Once again, I found myself at the grocery store, buying stuff for dinner. The Nordic Warrior Queen wanted au gratin potatoes, and the Sister Wife was out of beer. Again.

I decided to boycott Whole Foods. Any store that makes such a big deal over a stupid block of pasteurized processed cheese food doesn’t deserve my business. Besides, Albertsons is closer. They’re just across the street, right next to BJ’s, and the CVS Pharmacy with the broken blood pressure machine.

I was in a bad mood. The magazine editor ripped me on my platinum machining article, and my customer in Utah was pissed off about their software.

It didn’t help that, once again, I’d picked the cart with the busted wheel.  Wheek, wheek, wheek, all through the damned store. Everyone stared at me in the produce section, and the guy stocking the dairy case actually laughed. “Guess you got a noisy cart there, huh? Yuck, yuck.”

The line went all the way back to the Campbell’s soup display. By the time I got to the checkout, I was ready to ditch the cart and order takeout.

That’s when I found out why the line was so long.

The cashier, BOB, was a wannabe comedian at the local standup club. He was trying his material on the customers. When he got to the woman in front of me, he broke into song. “I beg your paaardon. I never promised you a roast, daaarling.”

Then he told her a joke about Jerry Falwell and Ronald Reagan at the Pearly Gates. The woman emitted peals of laughter. She looked ready to bear his children.

I didn’t get it, but I pretended to listen anyway, hoping that by doing so, Bob would recognize I’d already participated in his little comedy routine, and spare me another joke. I wasn’t in the mood.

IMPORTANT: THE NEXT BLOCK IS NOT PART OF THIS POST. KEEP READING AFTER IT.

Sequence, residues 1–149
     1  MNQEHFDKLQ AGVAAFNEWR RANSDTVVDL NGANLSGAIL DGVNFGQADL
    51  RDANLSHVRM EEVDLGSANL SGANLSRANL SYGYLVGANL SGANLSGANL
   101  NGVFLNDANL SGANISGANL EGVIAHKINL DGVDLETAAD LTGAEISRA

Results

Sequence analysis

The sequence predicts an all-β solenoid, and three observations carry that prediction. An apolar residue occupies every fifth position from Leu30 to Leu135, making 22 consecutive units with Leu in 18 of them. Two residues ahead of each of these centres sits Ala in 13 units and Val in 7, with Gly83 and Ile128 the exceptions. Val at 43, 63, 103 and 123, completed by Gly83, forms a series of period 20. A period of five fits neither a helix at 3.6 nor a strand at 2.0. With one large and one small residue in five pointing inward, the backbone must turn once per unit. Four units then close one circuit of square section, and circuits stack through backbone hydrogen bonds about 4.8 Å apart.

No such luck. “Did you hear the one about the golfer?”

I slid my debit card into the machine. “No, Bob.”

“Want to hear it? Great. So this golfer makes a terrible swing on the 18th hole. The ball slices to the right, bounces off a tree, and hits a schoolbus. It goes through the window and hits the driver. The bus crashes, killing everyone on board.”

I pushed the button for cash back. I might need a beer on the way home.

Bob continued. “The golfer is devastated. He goes into the clubhouse and orders a drink, and then another. On the third one, the bartender asks the golfer if there’s something wrong. So the golfer explains how his terrible slice had sent the golf ball onto the freeway, killing a busload of children. ‘Oh, what should I do?’ cried the golfer. To which the bartender replied, ‘Oh, that’s easy. Just adjust your stance a little bit, and choke up on the club.’”

Everyone around us laughed hysterically, none more than the cashier. When he realized I hadn’t joined in, he put his hand on my arm. “What’s the matter?”

I looked up at him, deadpan. “My family was killed on a school bus.”

Horror dawned on his face. “Oh, no. I am so, so sorry. I feel just awful.” His eyes welled up with tears. “Is there anything I can do, sir?”

“Yes, there is.” I picked up my groceries. “Get some new material, Bob,” I said, and winked. “That one’s as old as Moses.”

Bob watched in silence as I walked smiling out the door. My bad mood was gone.

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